Through a month and a half of the season, Tyler Waldron did some serious suitcase living.
After starting the season pitching in six games with Bradenton, Waldron made a relief appearance after being promoted to Altoona on April 24. When Casey Sadler was recalled by Pittsburgh, Waldron was promoted to Indianapolis for an emergency start three days later on April 27. With all of the uniforms that Waldron has put on in 2014, there is one thing that he has not lacked – consistent success.
“Everything feels good and is going in the right direction,” Waldron said. “I just keep working hard every day and whenever my name gets called, I try to go out and put up a zero.”
Waldron has put up plenty of zeros this campaign. In 22.2 innings, Waldron boasts a 1.19 ERA with just nine hits and four walks. In addition, Waldron has struck out 25 hitters over the span. Opposing batters are hitting just .122 against him this season and he has a ground ball to fly ball ratio of 1.93.
Waldron works with an arsenal that includes a two seam fastball, a cutter, curve ball and a changeup. While he lives in the low 90s, Waldron is aware that he must keep the ball down and rely on movement to get hitters out.
“I am a contact guy,” Waldron said. “I want to keep the ball down and keep it on the ground on the infield. When I have a chance to put someone away, I am definitely going to try to expand the strike zone and try to get a swing and miss for strike three.”
The cutter is something that Waldron has been working on recently and he said that he “has picked it up pretty quickly.” Depending on the feel that day, Waldron will utilize the pitch as a cutter or a slider. With the command that he has acquired with the pitch, he named it as his most comfortable weapon.
Indianapolis pitching coach Tom Filer sees the cutter as a major reason for Waldron’s resurgence.
“I have really been impressed with [Waldron], coming up here and doing what he has done,” Filer said. “He has the ability with this cutter thing that has turned his career around. He has really come into his own with that.”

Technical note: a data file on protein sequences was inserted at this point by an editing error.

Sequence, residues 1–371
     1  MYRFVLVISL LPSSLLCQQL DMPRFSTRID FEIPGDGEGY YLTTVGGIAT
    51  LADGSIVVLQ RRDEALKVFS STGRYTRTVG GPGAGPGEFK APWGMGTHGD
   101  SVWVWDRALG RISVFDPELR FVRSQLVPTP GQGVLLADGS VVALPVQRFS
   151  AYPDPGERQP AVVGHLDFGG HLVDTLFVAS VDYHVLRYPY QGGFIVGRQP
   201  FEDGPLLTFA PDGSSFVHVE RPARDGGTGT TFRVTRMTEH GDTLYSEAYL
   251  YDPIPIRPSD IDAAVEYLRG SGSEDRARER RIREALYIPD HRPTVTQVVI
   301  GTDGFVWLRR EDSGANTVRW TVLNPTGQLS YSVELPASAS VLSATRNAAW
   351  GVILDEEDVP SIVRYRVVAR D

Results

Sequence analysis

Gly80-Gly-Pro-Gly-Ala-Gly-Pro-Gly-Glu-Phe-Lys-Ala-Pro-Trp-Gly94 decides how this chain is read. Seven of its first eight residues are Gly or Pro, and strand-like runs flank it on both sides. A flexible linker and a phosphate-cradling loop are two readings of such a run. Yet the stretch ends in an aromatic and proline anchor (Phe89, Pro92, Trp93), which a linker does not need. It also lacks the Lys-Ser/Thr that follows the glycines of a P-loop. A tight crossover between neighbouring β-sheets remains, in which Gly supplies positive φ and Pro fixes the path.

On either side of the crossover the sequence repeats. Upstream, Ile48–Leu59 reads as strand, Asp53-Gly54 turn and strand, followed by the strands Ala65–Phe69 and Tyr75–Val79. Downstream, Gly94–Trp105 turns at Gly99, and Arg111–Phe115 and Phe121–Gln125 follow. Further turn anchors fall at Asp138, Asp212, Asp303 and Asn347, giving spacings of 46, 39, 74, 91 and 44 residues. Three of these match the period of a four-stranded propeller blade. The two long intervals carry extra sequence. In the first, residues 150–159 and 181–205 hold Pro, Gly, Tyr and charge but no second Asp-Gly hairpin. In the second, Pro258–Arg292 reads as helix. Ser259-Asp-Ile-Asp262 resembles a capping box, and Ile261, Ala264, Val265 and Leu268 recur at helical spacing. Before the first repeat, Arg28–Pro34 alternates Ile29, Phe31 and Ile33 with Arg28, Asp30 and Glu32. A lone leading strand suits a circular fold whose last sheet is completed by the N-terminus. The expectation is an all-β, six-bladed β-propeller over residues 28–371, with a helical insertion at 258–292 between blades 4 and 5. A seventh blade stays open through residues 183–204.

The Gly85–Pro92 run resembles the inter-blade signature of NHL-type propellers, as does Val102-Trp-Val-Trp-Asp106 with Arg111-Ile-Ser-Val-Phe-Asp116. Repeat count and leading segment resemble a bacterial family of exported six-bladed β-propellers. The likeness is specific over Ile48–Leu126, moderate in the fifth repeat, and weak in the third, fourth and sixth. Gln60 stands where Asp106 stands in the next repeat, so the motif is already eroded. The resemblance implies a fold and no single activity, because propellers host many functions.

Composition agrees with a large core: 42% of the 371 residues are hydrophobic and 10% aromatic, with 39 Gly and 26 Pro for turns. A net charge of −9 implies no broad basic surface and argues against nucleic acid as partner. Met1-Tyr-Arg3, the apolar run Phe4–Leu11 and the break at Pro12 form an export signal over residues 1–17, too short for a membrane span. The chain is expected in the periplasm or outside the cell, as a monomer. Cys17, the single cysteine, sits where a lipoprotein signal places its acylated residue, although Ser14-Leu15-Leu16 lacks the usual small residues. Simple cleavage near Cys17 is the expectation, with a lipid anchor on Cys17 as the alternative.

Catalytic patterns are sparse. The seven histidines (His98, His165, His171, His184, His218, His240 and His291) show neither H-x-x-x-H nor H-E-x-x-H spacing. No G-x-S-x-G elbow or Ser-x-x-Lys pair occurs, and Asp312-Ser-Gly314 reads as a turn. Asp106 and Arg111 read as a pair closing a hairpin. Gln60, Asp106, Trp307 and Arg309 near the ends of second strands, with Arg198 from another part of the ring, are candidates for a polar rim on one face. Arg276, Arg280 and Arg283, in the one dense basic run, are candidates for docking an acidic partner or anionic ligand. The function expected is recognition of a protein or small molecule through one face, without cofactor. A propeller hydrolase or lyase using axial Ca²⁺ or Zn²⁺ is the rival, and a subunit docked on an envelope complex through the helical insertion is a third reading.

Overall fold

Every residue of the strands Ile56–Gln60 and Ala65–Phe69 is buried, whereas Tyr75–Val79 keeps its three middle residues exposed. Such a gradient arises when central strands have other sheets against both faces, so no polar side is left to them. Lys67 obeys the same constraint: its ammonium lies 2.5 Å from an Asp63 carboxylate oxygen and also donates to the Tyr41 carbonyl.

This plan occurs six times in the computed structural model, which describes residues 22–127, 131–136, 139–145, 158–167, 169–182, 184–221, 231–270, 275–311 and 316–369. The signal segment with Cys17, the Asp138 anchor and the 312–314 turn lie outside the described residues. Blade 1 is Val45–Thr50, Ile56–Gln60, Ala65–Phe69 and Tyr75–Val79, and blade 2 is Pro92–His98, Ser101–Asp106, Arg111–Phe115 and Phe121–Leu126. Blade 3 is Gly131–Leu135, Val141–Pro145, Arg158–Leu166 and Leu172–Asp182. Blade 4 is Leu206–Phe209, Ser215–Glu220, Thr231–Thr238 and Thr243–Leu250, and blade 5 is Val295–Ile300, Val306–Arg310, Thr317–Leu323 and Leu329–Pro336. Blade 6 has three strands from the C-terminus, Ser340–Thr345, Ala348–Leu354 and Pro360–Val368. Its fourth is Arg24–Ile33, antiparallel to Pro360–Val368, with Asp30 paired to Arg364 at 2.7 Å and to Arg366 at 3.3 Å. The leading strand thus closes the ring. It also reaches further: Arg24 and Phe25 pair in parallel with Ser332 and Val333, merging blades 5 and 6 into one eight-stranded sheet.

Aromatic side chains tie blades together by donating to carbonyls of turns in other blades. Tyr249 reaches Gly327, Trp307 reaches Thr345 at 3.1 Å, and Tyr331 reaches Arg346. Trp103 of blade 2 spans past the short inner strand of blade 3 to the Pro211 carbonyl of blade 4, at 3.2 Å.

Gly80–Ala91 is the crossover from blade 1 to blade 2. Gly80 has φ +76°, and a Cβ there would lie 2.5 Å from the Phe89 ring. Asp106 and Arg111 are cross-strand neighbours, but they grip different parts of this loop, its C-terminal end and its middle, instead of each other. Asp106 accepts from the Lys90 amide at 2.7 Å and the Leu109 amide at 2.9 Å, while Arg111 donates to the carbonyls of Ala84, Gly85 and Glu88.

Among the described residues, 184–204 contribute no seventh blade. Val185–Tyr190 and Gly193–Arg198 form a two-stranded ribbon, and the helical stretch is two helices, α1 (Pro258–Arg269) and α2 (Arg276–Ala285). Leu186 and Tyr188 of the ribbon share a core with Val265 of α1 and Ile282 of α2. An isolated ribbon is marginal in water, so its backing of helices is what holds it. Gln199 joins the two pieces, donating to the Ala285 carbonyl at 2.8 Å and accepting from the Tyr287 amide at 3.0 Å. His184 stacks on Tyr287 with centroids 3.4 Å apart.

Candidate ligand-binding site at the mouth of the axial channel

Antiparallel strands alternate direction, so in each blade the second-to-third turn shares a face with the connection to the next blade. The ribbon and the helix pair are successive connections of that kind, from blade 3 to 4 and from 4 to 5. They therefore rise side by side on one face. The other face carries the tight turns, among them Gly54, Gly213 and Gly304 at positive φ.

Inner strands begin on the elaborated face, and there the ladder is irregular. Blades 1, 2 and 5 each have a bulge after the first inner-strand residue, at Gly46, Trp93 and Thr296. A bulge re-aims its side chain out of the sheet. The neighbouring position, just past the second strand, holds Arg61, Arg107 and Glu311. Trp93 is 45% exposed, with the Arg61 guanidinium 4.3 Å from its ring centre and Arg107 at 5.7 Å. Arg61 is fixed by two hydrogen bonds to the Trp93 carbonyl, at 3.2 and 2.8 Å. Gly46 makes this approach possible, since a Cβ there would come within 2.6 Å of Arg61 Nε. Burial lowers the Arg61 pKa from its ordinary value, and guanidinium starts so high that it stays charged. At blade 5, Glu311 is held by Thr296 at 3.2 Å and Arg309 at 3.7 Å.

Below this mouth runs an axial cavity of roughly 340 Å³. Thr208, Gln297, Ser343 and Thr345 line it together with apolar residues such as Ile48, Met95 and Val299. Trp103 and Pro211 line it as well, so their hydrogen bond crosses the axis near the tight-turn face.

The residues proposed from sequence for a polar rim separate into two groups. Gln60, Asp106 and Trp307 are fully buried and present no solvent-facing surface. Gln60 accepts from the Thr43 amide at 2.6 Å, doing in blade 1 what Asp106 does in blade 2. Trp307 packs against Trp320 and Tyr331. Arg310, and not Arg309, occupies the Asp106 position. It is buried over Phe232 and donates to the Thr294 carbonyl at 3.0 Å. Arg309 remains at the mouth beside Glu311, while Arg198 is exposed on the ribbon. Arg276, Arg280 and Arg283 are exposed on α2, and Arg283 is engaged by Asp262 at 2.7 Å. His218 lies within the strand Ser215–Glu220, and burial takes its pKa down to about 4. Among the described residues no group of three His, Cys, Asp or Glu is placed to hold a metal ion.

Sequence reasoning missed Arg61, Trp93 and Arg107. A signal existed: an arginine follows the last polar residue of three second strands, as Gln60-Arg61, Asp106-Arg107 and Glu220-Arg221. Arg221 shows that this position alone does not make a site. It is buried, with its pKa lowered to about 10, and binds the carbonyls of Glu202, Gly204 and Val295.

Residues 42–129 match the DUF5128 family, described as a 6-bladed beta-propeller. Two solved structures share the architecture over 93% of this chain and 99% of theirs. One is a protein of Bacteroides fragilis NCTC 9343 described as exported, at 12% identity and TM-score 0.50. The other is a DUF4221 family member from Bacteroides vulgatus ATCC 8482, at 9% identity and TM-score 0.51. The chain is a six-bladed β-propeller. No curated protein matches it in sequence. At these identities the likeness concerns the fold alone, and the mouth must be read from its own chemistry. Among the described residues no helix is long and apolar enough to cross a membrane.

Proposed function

Along with the individual pitches, Filer is extremely pleased with the command that Waldron has shown in Indianapolis. The stats back up what Filer has seen, as Waldron has thrown 64 percent of his pitches for strikes in Triple-A.
“I like that he is able get into the left-handers and command that ball,” Filer said. “That is the biggest part of being able to pitch here is to command certain pitches. He has been able to do that and that is what really impresses me.”
Filer also said that they have been working with Waldron on being quicker to the plate in an effort to control the opposing running game. He said that this transition has been successful and “he hasn’t skipped a beat and looks even more comfortable.”
Outside of the work on the mound, Waldron said that last season he learned the importance of taking care of his body. After dealing with nagging injuries, Waldron had a 5.57 ERA in 13 games between Altoona and Bradenton. He allowed 42 hits in 32.1 innings. He also spent a great deal of time on the DL. In order to stay healthier, Waldron put in the work during the offseason to put him in the position he is in 2014.
“Being on the DL for about three months last year taught me a lot about how to take care of a shoulder,” Waldron said. “I did a lot of strengthening stuff in the offseason and cleaning up my mechanics. It has transitioned to this year with cleaner mechanics than what I was dealing with.”
Waldron is also benefitting from finding a routine that works for him on the off days during the grind of the season. He said that relieving may be part of this transition and a major reason why he feels healthier.
For Waldron, he is not satisfied with the leaps that he has made in 2014. He is always looking for more and will not stop until he gets to the top.
“I started out this season with a plan,” Waldron said. “I have tried to pitch with a little chip on my shoulder. It is about just never being satisfied where you’re at. All I care about is going out there and putting up a zero. If I give up a hit or walk a guy, as long as they don’t touch home plate, I did my job.”